Moneybeat: Biden administration sues Ticketmaster | WORLD
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Moneybeat: Biden administration sues Ticketmaster


WORLD Radio - Moneybeat: Biden administration sues Ticketmaster

The government claims the company has a monopoly on live events. Plus, defining terms: corporate engagement or shareholder activism

Attorney General Merrick Garland speaks during a news conference about the lawsuit against Ticketmaster, Thursday. Associated Press/Photo by Jose Luis Magana

MARY REICHARD, HOST: Coming up next on The WORLD and Everything in It, the Monday Moneybeat.

NICK EICHER, HOST: It’s time to talk business, markets, and the economy with financial analyst and adviser David Bahnsen. He’s head of the wealth management firm The Bahnsen Group and he’s here now.

David, good morning!

DAVID BAHNSEN: Good morning. Good to be with you.

EICHER: Another antitrust case, David. The Biden administration is suing Ticketmaster, claiming it’s running a monopoly over live events and illegally driving up prices. Federal prosecutors and 30 DAs and state attorneys general filed suit in federal court in New York last week. The lawsuit seeks to break up Ticketmaster on the grounds that it’s squeezing out smaller promoters. The parent company Live Nation denies it’s acting unlawfully.

What do you say, David? I know we addressed some of this fairly recently, but anything different with this one? What do you think of the Ticketmaster suit?

BAHNSEN: Yeah, I think it's going to fail. I think it is wrong legally, wrong economically, and outside the appropriate jurisdiction of the federal government. But I think antitrust should be reserved for areas in which I believe consumers are being legitimately harmed, and where there are artificial barriers to entry that have been enacted. And my reading of this case is that that is not the situation here. And I believe this is more politically driven around the Biden administration's agenda of looking for populist battles to fight that where it appears, you know, similar to the credit card fees we talked about a couple of weeks ago. There's a little, you know, catnip here, for some voters like oh, look, they're trying to lower fees on credit cards or lower fees on concert tickets, and things like that, and who wouldn't want their fees lowered? Well, the answer is those of us who believe the federal government doesn't need to be in the business of concert tickets.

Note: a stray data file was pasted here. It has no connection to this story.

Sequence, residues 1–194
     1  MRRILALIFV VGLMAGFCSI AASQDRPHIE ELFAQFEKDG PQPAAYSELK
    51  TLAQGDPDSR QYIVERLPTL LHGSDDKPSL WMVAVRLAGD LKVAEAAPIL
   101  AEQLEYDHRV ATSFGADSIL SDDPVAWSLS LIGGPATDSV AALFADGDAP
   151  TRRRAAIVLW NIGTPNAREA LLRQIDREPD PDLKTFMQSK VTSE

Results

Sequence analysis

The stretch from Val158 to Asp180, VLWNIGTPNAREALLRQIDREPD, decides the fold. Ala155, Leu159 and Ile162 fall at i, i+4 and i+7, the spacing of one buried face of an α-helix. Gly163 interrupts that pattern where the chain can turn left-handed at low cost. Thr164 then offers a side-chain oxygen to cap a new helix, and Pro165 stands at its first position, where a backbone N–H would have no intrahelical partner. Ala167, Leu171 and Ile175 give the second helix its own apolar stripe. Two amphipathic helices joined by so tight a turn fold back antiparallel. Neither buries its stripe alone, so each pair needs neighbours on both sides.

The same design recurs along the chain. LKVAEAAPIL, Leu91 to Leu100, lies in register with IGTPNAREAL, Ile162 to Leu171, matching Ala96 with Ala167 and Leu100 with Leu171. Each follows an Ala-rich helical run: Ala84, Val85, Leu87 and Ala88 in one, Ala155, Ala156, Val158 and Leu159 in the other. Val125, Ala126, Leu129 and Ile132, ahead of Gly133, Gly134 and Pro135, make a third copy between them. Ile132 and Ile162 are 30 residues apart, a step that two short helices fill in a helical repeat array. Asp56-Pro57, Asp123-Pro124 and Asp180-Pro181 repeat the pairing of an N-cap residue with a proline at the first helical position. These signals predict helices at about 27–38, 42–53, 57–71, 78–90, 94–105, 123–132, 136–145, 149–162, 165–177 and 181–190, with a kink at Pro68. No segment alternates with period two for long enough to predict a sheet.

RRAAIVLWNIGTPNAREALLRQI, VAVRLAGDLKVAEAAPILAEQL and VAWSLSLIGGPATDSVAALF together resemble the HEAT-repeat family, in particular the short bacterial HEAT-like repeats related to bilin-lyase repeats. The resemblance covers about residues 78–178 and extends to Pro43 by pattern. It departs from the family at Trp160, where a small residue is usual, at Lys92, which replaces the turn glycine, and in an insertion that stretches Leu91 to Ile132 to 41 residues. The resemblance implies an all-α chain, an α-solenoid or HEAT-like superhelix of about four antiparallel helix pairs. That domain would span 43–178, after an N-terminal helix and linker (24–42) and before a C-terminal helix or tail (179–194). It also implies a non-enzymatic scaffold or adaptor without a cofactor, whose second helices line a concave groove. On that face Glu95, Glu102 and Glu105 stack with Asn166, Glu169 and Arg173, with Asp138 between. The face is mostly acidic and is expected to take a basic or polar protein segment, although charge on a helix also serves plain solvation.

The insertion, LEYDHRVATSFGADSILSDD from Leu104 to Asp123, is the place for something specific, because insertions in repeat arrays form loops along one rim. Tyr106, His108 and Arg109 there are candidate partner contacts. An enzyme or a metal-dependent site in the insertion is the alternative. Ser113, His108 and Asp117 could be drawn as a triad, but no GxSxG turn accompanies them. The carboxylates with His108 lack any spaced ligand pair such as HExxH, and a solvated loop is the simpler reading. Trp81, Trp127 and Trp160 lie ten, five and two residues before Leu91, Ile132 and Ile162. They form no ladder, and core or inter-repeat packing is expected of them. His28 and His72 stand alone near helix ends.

So I think perhaps they should get their annual deficit below $2 trillion, and then worry about concert tickets. So the damage economically here, if this were to prevail, which again, I do not believe it will, is that you are looking to the government to try to do the work that companies should be doing. Go beat Ticketmaster in competition. And there are plenty of other companies engaged in ticketing for events, creating advantages with promoters, the details of this would not be appalling to anyone who understood it. And again, one could say I tried to get tickets for a Taylor Swift concert and it was hard to do what it was expensive to do, I'm sure. But just think about the logic of saying whenever I have a frustrating experience as a customer, imagine the impulse, what it would do to the economy if our impulse was always you know what, I can't afford to eat at Le Bernardin, or I can't get a dinner reservation at Polo Bar, I'd like to ask Joe Biden to help. I mean, it's an absurd response. But that's really what's going on here. And the FTC, the Federal Trade Commission, is playing into this. They're telling people that when they're frustrated, the federal government should come and and regulate companies in a way that would be more helpful. And that creates huge costs throughout the economy.